So where do you go to get the real estate stories that make your coverage standout? And not just vs. the competition but in your own newsroom?
Here are a few places to consider visiting …
Model homes or open houses
Numbers tell only a slice of the housing story – and often that statistical tale is in the rear-view mirror. But one of the hardest things in real estate – for the industry and reporters alike – is understanding what makes buyers buy – or not. Two places that house shoppers gather are the model homes of new builders and open houses for marketing of older homes. While you’re at the builders’ model homes, check out the products for new design twists or novel home amenities that can be story fodder, too.
Real estate agents love to meet and share tales of what’s going on in their business. These gatherings can run from traditional meeting hall sessions, to less-formal coffee shop chats to tours of homes for sale in a neighborhood. It’s both a good way to hear the buzz and the meet-and-greet potential or actual sources in person. If you don’t mind public speaking, offer yourself as a “guest expert” to talk about the media’s role in the local real estate business. Of course, be prepared for the “Why aren’t you more friendly to real estate?” questions.
Most municipalities in some way govern the construction and/or remodeling of major structures – from new homes to office towers to retool a shopping center. Through whatever means – usually a local planning board – people or entities seeking to build must file paperwork detailing their projects. Often these are public documents creating stories ideas. These government filings may contain details of the project; pros and cons; and even local objections. Think out of the box, too. One hot topic debated at these commissions is where new cell towers or other radio towers will be constructed.
Real estate is an intensely competitive business that often leads to litigation. Not every slice if litigation is newsworthy – and not every filing in a higher-profile case is worth your time. Still, you’d be well-served to find time to devote to visit your local courthouse – or know how to do it online – to see who is suing whom in your market. (Or make sure your best friend happens to be your newsroom’s courthouse reporter.) Seeks out the legal stories that define a current trend or have a solid element of drama.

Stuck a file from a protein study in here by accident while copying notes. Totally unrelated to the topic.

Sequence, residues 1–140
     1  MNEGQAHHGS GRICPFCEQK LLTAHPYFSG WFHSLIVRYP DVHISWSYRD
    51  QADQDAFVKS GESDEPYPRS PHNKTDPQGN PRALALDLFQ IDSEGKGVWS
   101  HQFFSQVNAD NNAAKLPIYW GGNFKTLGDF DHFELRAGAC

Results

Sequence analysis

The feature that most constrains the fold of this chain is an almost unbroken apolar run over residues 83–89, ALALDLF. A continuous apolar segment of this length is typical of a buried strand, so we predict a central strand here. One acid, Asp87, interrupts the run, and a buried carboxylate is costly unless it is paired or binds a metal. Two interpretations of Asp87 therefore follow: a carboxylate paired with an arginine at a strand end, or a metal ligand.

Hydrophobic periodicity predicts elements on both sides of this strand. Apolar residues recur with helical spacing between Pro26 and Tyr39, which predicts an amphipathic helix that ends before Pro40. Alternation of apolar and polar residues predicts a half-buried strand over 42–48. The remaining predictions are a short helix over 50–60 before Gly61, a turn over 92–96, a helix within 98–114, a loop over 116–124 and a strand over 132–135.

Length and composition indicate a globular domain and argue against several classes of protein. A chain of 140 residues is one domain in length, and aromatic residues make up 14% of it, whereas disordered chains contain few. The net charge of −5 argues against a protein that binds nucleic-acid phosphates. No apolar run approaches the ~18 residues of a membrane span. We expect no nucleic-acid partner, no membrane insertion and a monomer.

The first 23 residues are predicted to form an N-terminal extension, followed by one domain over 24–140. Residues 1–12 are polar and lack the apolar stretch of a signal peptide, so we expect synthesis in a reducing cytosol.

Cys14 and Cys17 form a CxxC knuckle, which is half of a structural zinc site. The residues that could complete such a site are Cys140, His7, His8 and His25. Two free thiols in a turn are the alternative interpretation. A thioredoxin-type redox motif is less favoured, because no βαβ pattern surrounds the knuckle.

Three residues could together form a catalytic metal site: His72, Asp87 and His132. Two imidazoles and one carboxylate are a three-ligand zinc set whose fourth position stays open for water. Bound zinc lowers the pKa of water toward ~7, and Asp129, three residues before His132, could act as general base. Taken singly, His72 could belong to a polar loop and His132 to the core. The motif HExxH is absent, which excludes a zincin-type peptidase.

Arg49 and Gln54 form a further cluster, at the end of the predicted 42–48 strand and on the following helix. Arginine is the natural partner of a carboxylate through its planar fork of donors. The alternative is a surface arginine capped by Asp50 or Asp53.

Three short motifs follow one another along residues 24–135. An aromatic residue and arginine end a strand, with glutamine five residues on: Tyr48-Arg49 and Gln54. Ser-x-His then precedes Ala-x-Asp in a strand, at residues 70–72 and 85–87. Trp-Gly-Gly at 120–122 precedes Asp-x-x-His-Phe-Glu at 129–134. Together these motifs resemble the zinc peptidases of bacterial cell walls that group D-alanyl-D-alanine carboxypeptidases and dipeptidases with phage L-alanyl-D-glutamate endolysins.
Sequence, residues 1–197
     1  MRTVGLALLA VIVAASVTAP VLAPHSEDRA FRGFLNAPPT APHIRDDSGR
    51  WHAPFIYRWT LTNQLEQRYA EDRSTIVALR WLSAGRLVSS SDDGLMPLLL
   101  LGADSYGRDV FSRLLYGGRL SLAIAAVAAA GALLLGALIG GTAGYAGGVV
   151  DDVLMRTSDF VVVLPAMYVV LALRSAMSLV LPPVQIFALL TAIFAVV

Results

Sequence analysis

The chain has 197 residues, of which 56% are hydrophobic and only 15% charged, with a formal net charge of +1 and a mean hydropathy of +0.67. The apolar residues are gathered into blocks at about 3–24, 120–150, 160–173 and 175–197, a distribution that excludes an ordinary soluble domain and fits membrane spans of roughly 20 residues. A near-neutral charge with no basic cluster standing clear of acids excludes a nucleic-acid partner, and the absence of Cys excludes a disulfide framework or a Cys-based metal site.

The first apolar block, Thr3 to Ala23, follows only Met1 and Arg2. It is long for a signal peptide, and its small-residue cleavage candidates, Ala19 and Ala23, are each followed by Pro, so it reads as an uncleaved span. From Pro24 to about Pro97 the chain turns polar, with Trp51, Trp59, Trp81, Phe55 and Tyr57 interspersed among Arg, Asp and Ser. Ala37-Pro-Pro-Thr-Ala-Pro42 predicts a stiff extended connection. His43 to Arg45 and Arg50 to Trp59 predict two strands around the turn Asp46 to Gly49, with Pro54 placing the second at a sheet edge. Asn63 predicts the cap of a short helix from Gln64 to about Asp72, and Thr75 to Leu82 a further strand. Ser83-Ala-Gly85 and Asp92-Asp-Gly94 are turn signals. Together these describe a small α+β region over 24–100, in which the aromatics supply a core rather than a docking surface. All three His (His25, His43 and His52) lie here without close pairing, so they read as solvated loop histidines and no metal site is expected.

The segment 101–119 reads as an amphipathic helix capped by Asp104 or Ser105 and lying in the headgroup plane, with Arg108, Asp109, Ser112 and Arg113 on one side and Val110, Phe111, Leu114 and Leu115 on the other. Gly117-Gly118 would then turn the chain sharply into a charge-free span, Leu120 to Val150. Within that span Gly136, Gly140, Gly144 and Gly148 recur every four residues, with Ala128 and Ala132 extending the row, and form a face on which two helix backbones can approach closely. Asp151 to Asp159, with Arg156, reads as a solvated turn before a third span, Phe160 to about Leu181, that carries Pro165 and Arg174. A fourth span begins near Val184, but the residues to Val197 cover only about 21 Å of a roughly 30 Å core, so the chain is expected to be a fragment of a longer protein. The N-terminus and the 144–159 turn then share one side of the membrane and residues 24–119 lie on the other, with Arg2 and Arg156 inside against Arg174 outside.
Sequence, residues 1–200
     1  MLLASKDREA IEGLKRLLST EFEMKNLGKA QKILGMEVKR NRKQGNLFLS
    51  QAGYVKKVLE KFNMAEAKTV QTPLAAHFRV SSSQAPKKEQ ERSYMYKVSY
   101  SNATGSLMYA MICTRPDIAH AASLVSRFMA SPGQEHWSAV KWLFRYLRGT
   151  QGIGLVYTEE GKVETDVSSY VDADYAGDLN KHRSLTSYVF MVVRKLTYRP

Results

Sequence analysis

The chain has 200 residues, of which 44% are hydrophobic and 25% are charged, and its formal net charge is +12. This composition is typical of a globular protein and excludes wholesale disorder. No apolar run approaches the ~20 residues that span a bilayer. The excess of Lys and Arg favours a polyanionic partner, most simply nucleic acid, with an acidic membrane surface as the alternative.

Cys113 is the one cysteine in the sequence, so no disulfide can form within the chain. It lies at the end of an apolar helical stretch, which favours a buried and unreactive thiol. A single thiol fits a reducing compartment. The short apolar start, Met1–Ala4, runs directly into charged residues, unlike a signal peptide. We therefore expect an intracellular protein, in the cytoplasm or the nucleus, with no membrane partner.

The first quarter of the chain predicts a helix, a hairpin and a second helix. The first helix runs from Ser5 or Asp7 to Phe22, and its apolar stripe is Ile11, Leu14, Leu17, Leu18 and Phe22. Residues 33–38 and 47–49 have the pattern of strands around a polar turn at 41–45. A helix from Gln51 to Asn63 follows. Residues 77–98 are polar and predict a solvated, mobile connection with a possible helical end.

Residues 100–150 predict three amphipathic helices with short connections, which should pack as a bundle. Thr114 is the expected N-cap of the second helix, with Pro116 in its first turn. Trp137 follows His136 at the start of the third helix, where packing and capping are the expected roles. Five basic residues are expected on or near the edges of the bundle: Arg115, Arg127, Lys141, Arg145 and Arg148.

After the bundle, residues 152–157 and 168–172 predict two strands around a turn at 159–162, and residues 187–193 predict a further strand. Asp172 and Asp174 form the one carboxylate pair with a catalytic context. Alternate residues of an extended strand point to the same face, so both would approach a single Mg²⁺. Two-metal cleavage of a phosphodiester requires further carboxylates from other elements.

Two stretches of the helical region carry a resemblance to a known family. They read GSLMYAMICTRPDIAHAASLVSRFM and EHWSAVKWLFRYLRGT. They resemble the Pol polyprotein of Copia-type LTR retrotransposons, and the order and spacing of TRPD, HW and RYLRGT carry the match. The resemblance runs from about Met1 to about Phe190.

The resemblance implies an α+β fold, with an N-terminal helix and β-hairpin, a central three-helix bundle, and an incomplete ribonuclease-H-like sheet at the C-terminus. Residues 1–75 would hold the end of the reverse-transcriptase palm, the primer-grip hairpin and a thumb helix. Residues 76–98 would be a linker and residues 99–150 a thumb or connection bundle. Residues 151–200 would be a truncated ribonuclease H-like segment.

The next time you go to a real estate trade show – and there are plenty of them – ignore all the panel discussions about “the future” and spend serious time with the vendors in the exhibit hall. After you ignore their giveaways, and politely inquire about a vendor’s product or service, hone in on what these vendors know about the real estate business in your community. Are sales up or down for products and services that support the real estate trade? What are real estate insiders telling the vendors about the health of the market?
Vendors can be great sources because they see the business from a whole different side.
Numerous real estate professionals – often, sole proprietors or owners of small business – are intensely using blogs, Facebook, LinkedIn, Twitter and the like as novel marketing and communication tools. Your ability to leverage social media as reporting tool to follow ground-level real estate news in your community can be invaluable.
Become expert at using online real estate databases such as Zillow or Trulia or Redfin, to name a few. These allow you to quickly explore what’s for sale and/or selling in your market. Many real estate sites – maybe even your own news organization’s website – allow registered users to get custom search results by email. Imagine automatically knowing when local mansions hit the market or are sold. Similarly, this can also be done with foreclosure tracking sites like RealtyTrac for Foreclosures.com
Your own newspaper
Please read your own newspaper, especially the local news section. Quite often what amounts to real estate stories appear, frequently as government stories. Is some city council debating the future of a big residential or commercial development? Find your angle. Property taxes to rise? Bet that there’s lots of opinions in the real estate business and among property owners! Is crime up or down, and where? Ask how this impacts house sales or apartment rents. Does a local sports team want a new facility? Reach out to see how it will hit local construction workers.